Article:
08 Nov Richmond Approves New Cameras for Law Enforcement
Richmond City Council on Tuesday approved 70 new automatic license plate readers and 40 pan-tilt-zoom cameras to prevent and solve crime. (Screenshot captured by Samantha Kennedy / The CC Pulse)
By Samantha Kennedy
The Richmond City Council unanimously approved the installation of over 100 additional cameras across the city to help deter and solve crime. But the decision wasn’t without concern.
The Tuesday meeting ended with council members approving a total of 70 automatic license plate readers and 40 pan-tilt-zoom cameras. Additional language was passed that will require educating the public on the cameras by the Police Department. Council members Claudia Jimenez and Melvin Willis were absent.
Vice Mayor Gayle McLaughlin’s substitute motion to approve only the pan-tilt-zoom cameras and analyze the effectiveness of increased cameras failed.
McLaughlin, who ultimately voted in favor of the cameras, said she wasn’t against the cameras but felt that it raised privacy issues within the community that other cities have brought up. Other cities, she said, like Berkeley and Fremont will have fewer cameras than Richmond but have population sizes that are much bigger or equal to the city.
The amount of cameras is not based on population size but on geographical area, according to Richmond’s Chief of Police Bisa French, of which Richmond’s area is greater than a city like Berkeley. French and other department staff agreed with comments made by council member Cesar Zepeda, who said that residents have no reasonable expectation of privacy in public.
McLaughlin said she would have liked to see an analysis considering residents’ civil liberties and cost taken into account before approving additional cameras.
“Maybe it would showcase a need for less,” she said. McLaughlin had no concerns with the pan-tilt-zoom cameras, which are replacing older CCTV cameras in the city, and said she believed they do what the community has been asking for.
French said the cameras already installed have contributed to the solving of crimes in the low-staffed department. The license plate readers have been used to solve murders, shootings, robberies and other crimes in the city.
Other Bay Area cities have implemented LPRs, with differing results. Piedmont Police Department, which has arrested approximately 27 people a year due to the cameras, considers the cameras a success. The city has 39 cameras affixed to police cars or on city infrastructure. Cities like Oakland have not been as lucky as Piedmont, according to data obtained by KTVU in September. The city’s 36 LPRs did not give the Police Department any leads for the entirety of 2022.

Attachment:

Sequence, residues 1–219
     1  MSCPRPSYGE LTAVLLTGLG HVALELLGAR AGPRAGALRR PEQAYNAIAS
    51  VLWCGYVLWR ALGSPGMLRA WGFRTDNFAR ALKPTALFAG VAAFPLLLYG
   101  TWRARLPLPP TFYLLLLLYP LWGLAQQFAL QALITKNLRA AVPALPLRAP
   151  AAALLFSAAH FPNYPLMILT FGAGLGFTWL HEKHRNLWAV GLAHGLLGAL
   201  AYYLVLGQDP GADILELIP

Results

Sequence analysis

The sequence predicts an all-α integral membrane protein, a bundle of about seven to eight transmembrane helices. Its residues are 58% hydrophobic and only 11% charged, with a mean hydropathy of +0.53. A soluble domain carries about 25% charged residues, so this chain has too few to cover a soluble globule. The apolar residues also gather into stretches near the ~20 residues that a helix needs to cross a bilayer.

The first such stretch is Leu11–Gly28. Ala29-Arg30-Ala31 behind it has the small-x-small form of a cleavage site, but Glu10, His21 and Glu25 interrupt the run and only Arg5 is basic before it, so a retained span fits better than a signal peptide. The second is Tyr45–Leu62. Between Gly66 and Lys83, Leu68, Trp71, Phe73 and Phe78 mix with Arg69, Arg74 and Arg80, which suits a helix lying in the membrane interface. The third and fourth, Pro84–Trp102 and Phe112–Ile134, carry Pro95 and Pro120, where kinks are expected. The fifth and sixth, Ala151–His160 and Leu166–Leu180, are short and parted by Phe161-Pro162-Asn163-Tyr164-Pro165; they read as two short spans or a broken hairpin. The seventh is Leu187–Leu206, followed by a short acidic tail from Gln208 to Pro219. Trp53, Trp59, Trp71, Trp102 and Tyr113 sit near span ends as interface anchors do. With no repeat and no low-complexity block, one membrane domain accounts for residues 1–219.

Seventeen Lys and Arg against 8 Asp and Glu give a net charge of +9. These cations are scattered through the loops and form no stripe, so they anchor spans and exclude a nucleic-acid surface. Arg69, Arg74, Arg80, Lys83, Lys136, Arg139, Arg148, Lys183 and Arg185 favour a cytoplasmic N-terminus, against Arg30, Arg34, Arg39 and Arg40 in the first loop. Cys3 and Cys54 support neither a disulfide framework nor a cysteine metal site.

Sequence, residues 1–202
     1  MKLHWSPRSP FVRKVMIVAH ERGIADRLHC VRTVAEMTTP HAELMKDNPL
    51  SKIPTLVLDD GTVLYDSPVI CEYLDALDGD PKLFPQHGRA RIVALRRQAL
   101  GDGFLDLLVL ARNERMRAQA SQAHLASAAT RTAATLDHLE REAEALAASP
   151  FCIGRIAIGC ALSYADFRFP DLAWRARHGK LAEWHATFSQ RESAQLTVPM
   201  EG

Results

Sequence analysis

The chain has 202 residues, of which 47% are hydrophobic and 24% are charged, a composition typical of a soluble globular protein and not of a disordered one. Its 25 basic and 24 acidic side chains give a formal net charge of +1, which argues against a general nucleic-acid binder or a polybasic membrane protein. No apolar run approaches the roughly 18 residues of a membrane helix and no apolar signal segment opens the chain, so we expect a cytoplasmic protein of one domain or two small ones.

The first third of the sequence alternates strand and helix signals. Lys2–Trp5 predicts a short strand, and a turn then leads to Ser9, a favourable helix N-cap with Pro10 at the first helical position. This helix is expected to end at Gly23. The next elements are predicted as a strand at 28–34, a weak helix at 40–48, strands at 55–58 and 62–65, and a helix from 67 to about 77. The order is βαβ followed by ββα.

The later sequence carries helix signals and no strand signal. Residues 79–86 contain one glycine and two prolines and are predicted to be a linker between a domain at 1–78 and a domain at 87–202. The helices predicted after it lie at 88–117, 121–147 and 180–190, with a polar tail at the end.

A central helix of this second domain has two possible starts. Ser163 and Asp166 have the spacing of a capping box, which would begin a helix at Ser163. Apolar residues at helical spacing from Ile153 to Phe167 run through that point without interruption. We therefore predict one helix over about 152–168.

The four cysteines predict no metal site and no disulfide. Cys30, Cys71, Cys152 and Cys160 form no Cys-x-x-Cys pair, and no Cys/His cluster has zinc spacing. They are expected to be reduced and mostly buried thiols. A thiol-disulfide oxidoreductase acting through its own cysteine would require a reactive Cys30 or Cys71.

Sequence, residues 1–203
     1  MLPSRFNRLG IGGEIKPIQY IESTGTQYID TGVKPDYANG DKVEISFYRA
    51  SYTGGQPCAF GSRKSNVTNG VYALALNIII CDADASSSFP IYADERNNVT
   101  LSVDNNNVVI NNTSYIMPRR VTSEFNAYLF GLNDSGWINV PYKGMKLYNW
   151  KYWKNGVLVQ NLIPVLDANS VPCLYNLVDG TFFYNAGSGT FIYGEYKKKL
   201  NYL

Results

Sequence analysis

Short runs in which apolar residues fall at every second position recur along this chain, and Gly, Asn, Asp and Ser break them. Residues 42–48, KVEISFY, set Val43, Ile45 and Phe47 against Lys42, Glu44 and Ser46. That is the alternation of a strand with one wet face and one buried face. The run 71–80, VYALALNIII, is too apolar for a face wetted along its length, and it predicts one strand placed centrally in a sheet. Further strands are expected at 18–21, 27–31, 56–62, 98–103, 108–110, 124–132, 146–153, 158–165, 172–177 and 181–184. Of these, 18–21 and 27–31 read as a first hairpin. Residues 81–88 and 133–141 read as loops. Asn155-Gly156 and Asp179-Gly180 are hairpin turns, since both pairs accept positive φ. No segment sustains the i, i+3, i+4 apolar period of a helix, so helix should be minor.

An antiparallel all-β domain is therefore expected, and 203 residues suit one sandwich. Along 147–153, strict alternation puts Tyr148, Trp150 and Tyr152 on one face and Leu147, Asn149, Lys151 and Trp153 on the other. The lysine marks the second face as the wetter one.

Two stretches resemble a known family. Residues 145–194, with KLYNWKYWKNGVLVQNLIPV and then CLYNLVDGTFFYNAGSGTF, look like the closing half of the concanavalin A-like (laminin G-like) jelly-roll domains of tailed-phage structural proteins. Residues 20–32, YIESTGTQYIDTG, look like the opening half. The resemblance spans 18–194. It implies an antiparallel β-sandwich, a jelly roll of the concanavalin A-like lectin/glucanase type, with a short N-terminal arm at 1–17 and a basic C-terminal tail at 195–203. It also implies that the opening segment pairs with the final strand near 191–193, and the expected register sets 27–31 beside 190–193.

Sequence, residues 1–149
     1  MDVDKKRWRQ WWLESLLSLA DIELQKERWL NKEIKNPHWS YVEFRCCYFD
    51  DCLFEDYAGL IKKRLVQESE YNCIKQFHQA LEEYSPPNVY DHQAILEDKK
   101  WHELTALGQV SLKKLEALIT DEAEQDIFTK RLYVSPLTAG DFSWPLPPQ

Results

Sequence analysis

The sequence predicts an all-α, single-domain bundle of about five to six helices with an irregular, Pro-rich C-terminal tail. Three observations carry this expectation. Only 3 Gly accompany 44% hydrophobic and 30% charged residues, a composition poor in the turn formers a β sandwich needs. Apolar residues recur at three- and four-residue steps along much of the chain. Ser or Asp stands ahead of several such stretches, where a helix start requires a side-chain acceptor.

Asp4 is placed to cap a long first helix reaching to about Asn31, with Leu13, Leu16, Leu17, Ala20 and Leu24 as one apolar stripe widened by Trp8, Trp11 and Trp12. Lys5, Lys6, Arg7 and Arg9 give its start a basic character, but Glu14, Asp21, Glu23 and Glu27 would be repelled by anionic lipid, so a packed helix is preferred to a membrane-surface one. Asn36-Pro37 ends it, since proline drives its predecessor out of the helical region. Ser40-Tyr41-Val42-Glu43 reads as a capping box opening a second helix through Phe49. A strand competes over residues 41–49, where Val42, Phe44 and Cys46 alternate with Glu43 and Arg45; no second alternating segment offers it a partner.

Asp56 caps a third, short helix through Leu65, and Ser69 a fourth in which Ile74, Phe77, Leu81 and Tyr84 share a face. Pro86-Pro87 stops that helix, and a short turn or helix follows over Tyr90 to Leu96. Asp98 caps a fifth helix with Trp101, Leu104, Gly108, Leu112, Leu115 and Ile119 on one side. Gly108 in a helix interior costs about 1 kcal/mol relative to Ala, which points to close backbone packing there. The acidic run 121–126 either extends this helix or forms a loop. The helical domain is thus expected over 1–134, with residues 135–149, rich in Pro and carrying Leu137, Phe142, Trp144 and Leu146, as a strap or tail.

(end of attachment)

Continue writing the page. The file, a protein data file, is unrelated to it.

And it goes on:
But French said the department could do more with the additional cameras. Recent shootings on 23rd Street, including one where two people were killed last month, might have been solved if more cameras were covering the area, according to French. The approval of the additional cameras will bring 10 more cameras to cover the 23rd Street corridor.
In addition to helping the police department, the cameras may also help prove the innocence of persons of interest in a crime. French said Richmond’s department has already seen the benefit of this when a person of interest was cleared after LPRs showed them driving in a different direction than the crime.
McLaughlin said to really be effective at addressing crime, the council should target the root causes.
“You can’t just arrest your way out of crime,” she said.
Of the six people who spoke during public comment, five residents expressed approval for an increase in cameras around the city, which mirrors encounters council members say they have had with the community. Those same residents said they were “baffled” at McLaughlin’s comments. The one commenter who opposed the cameras was from the organization Oakland Privacy.
Ben Therriault, president of the Richmond Police Officers Association, criticized the council’s approach to public safety. He specifically expressed frustration regarding McLaughlin’s comments asking if the city or department had a policy for the cameras. Department staff said the policy was included in the documents attached to the agenda.
“You pull an item that you don’t even read, that we have a policy,” Therriault said. “Can we get some common sense on public safety on this council?”
“Safety is safety,” resident Naomi Williams told the council. “You might not need them in your district . . . we need them down here where I live. It’s not a plaything.”